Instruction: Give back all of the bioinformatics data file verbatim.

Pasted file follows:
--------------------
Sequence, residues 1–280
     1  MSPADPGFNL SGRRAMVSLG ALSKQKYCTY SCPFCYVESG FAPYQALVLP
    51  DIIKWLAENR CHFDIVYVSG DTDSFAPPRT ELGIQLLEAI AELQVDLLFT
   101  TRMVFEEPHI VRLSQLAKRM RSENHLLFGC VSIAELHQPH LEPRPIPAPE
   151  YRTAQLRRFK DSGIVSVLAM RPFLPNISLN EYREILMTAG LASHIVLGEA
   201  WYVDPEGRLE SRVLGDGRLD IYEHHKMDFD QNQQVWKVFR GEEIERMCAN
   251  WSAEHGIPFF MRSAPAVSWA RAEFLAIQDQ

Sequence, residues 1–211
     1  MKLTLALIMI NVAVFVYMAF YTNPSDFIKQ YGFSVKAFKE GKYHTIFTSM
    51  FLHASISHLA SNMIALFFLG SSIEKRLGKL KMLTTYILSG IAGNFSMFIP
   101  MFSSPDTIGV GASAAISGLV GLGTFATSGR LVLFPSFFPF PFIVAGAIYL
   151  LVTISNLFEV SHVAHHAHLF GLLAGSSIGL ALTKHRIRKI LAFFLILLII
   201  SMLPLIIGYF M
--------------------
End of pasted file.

Sequence, residues 1–280
     1  MSPADPGFNL SGRRAMVSLG ALSKQKYCTY SCPFCYVESG FAPYQALVLP
    51  DIIKWLAENR CHFDIVYVSG DTDSFAPPRT ELGIQLLEAI AELQVDLLFT
   101  TRMVFEEPHI VRLSQLAKRM RSENHLLFGC VSIAELHQPH LEPRPIPAPE
   151  YRTAQLRRFK DSGIVSVLAM RPFLPNISLN EYREILMTAG LASHIVLGEA
   201  WYVDPEGRLE SRVLGDGRLD IYEHHKMDFD QNQQVWKVFR GEEIERMCAN
   251  WSAEHGIPFF MRSAPAVSWA RAEFLAIQDQ

Sequence, residues 1–211
     1  MKLTLALIMI NVAVFVYMAF YTNPSDFIKQ YGFSVKAFKE GKYHTIFTSM
    51  FLHASISHLA SNMIALFFLG SSIEKRLGKL KMLTTYILSG IAGNFSMFIP
   101  MFSSPDTIGV GASAAISGLV GLGTFATSGR LVLFPSFFPF PFIVAGAIYL
   151  LVTISNLFEV SHVAHHAHLF GLLAGSSIGL ALTKHRIRKI LAFFLILLII
   201  SMLPLIIGYF M